“The more things change, the more they stay the same.” This couldn’t be truer of our health care delivery system. As a practicing physician for more than 30 years, I have experienced firsthand the explosion of medical technology, much of which has dramatically changed the way we diagnose pathology and the way we surgically and medically treat pathology. I will admit that this has served patients and doctors well, yet recent history has seen an explosion of illness and morbidity in our society.
What I feel compelled to take issue with, and the reason I am writing this treatise, is that the actual paradigm of medical care has not changed much in spite of all of our technological advances. Physicians have been extensively trained and have held steadfast in the belief that presenting symptoms are entities unto themselves. These symptom complexes have been treated as if they have a life of their own, separate and apart from the innocent bystander host, the person with the medical problem. We have divided the human body into a jigsaw puzzle of component parts. We’ve taken the jigsaw puzzle apart and assigned a specialist to address each one of these pieces of the whole, losing sight of the fact that everything is part of the whole, and everything we do as physicians to each little part affects the whole person. This has fostered the current allopathic paradigm of “symptom care” in lieu of the more important issue of “health care.”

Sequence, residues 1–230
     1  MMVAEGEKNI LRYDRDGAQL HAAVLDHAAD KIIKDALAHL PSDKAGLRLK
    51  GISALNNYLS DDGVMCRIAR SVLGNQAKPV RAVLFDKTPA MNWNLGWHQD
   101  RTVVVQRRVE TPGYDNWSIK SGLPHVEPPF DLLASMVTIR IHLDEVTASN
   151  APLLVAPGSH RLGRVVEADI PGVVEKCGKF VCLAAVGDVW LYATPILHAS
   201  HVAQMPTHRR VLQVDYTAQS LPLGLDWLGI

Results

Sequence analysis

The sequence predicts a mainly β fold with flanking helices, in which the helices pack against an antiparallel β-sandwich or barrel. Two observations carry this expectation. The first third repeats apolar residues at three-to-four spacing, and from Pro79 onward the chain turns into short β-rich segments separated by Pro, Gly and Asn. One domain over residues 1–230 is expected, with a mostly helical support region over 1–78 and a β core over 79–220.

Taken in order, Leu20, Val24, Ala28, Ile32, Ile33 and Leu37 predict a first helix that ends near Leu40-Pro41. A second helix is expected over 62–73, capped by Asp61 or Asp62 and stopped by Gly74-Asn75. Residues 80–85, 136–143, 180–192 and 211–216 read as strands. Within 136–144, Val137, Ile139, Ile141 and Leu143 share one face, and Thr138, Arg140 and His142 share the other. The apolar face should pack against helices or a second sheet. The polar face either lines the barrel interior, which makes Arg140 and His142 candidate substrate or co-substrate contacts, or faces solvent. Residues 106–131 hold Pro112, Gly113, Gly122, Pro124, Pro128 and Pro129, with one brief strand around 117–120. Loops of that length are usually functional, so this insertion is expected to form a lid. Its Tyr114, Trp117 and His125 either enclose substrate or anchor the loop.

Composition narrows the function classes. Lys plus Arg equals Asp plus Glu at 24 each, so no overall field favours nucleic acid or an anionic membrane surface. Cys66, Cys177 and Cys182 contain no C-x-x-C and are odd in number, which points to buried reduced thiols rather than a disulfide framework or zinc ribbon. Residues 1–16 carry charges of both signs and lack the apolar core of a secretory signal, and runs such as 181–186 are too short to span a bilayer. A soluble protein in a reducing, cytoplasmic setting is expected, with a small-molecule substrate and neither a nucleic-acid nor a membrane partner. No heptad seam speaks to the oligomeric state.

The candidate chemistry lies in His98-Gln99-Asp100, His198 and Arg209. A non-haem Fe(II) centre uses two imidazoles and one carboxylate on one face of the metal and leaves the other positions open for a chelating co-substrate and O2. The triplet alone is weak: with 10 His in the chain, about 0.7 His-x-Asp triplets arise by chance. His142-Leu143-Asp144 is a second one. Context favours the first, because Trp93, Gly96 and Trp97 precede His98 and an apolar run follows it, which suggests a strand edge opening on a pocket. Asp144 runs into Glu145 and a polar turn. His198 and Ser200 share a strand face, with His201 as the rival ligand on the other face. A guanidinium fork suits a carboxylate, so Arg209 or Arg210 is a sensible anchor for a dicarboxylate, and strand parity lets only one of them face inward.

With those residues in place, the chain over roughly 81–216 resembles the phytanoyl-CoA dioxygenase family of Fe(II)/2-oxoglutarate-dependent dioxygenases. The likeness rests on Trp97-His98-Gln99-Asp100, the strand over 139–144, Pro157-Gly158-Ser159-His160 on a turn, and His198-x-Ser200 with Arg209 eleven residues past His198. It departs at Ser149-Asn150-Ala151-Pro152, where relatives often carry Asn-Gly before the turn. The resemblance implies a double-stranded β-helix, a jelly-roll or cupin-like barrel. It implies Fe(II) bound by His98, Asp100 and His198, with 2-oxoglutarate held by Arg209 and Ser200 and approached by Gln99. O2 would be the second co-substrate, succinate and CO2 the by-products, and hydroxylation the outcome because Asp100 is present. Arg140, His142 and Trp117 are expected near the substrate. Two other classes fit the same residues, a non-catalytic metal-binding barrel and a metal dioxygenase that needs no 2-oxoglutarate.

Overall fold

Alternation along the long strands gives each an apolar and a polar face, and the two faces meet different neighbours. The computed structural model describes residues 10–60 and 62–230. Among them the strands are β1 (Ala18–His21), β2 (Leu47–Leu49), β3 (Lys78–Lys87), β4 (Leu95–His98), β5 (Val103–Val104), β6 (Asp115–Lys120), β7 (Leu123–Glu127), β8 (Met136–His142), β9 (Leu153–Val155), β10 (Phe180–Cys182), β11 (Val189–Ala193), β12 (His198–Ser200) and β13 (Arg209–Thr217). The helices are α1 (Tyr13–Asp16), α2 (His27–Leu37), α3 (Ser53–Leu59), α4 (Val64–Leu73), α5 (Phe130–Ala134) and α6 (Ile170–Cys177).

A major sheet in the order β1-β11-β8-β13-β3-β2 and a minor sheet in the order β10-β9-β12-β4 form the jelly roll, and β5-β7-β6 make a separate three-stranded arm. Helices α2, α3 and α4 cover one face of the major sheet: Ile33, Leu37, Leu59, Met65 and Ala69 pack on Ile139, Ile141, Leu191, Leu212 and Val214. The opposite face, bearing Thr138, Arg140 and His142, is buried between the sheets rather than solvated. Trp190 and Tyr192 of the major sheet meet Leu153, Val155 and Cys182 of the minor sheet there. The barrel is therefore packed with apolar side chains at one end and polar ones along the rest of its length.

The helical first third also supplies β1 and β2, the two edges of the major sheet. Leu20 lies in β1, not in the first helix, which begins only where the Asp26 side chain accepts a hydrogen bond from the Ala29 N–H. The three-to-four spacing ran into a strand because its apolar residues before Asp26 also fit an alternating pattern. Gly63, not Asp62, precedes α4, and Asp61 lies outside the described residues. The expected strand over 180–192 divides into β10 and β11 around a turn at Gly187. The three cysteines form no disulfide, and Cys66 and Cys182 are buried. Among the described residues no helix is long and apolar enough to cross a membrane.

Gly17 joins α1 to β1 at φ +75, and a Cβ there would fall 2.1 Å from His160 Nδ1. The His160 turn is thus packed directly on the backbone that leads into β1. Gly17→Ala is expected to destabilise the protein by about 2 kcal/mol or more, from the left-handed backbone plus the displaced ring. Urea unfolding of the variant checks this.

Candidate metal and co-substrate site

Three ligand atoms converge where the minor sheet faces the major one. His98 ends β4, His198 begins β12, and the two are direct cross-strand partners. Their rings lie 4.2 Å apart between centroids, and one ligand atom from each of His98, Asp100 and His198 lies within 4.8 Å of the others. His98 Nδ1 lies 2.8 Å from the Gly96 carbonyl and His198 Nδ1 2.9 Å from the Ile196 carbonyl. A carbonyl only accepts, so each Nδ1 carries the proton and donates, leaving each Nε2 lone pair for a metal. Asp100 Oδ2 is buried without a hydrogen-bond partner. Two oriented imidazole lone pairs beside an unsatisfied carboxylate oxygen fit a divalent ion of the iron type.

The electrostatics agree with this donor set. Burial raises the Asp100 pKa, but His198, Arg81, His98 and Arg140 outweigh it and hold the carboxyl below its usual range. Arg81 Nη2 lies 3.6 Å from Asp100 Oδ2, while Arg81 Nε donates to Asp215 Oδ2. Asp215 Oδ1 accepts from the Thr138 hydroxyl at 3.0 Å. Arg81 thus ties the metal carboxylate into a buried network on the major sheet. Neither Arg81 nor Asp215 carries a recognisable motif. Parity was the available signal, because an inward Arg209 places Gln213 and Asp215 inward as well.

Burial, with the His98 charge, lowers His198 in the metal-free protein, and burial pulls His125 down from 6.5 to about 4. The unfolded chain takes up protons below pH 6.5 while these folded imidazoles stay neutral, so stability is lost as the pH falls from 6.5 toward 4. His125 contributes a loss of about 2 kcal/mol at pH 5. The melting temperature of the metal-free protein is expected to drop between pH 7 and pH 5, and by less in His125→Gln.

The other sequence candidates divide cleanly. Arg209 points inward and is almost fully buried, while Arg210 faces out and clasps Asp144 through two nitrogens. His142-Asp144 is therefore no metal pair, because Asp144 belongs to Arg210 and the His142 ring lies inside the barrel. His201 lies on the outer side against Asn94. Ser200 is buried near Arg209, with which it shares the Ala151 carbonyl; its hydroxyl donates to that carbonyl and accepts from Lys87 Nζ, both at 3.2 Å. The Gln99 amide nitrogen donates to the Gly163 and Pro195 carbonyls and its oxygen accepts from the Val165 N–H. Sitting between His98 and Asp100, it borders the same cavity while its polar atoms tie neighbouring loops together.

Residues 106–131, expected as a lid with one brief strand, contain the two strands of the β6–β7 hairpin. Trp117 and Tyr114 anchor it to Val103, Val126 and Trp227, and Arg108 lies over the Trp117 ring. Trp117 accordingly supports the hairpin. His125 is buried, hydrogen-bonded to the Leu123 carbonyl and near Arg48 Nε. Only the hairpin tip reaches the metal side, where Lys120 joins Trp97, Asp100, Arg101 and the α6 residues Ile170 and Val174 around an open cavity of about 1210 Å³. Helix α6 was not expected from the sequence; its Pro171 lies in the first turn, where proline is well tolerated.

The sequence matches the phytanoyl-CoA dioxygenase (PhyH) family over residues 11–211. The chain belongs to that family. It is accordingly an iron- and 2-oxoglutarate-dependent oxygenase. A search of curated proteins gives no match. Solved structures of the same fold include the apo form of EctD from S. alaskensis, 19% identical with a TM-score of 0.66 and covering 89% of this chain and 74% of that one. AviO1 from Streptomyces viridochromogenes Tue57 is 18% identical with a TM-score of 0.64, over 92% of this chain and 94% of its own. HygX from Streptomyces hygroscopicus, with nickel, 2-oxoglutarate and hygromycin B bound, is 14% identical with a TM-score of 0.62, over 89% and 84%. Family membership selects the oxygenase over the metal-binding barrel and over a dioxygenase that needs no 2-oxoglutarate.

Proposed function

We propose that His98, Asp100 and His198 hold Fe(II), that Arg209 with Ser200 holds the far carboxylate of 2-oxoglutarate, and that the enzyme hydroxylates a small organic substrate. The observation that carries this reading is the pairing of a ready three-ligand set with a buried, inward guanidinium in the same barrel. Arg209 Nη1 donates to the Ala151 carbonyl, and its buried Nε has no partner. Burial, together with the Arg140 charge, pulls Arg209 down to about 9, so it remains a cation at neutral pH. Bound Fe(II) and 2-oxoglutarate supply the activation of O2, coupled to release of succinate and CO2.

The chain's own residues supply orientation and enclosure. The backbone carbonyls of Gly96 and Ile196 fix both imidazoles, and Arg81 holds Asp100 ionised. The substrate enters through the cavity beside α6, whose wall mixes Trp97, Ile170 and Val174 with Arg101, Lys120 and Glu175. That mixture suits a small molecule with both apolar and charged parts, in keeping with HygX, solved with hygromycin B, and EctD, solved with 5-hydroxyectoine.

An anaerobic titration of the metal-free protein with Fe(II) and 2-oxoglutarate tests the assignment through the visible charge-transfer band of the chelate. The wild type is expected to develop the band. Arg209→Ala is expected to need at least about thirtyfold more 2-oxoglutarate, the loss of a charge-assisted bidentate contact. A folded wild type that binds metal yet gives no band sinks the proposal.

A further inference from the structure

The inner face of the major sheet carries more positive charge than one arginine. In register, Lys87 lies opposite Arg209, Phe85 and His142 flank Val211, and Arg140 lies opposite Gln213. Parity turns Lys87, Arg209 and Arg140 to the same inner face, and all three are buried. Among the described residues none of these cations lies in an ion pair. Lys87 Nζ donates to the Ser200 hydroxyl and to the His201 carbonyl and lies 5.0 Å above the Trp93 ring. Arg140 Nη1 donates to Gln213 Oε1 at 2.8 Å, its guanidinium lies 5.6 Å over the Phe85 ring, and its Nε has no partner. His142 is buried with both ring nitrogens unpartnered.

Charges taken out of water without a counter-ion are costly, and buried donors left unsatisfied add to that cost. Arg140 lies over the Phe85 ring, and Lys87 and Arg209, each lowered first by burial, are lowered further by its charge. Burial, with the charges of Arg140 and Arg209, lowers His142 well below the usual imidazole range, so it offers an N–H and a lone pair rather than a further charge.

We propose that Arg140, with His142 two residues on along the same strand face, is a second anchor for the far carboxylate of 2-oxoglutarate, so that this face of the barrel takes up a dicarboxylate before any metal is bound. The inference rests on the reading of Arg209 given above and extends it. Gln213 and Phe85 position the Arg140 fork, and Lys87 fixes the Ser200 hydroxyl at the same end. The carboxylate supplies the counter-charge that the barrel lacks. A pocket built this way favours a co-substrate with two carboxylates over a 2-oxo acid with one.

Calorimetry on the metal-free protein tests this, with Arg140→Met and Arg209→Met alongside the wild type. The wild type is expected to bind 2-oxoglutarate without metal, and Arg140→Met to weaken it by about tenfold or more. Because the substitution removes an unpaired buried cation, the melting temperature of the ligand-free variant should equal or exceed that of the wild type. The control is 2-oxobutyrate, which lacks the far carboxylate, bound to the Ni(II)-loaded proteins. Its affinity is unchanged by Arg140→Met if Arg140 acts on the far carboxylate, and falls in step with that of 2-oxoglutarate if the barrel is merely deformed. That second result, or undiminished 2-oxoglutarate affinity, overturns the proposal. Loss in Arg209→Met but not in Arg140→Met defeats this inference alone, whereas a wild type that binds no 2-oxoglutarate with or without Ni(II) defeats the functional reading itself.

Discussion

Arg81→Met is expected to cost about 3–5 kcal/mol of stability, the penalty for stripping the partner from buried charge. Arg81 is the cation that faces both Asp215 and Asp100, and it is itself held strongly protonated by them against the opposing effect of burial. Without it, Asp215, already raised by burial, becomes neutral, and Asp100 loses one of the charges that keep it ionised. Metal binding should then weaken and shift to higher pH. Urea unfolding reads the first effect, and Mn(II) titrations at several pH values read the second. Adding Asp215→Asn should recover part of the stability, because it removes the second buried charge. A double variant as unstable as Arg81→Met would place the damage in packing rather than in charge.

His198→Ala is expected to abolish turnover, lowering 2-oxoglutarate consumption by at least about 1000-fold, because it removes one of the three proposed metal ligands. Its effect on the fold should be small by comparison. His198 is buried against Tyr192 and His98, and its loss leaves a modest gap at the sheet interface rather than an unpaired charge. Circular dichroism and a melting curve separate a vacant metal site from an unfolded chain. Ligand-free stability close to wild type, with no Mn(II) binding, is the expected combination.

In order to establish a system that is truly focused on health care, we need to expose some “myths” that will allow us to unlock the door to creating a more efficient and successful healthcare delivery system.
Myth #1- Technology has improved healthcare
Myth #2 – Inflammation is bad
Myth #3 – Genetically coded diseases are unavoidable
Myth #4 – Medications improve health
Myth #5 – Childhood immunizations protect us from serious disease
Myth # 6 – The double blind – placebo controlled study guarantees safety and efficacy in drug therapy